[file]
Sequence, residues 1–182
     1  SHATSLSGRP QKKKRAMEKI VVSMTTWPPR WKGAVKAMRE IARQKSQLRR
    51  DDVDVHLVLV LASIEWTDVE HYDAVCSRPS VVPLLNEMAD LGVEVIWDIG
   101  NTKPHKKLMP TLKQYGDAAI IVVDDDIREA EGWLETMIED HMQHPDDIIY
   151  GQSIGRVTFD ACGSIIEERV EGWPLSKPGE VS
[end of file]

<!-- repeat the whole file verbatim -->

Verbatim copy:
Sequence, residues 1–182
     1  SHATSLSGRP QKKKRAMEKI VVSMTTWPPR WKGAVKAMRE IARQKSQLRR
    51  DDVDVHLVLV LASIEWTDVE HYDAVCSRPS VVPLLNEMAD LGVEVIWDIG
   101  NTKPHKKLMP TLKQYGDAAI IVVDDDIREA EGWLETMIED HMQHPDDIIY
   151  GQSIGRVTFD ACGSIIEERV EGWPLSKPGE VS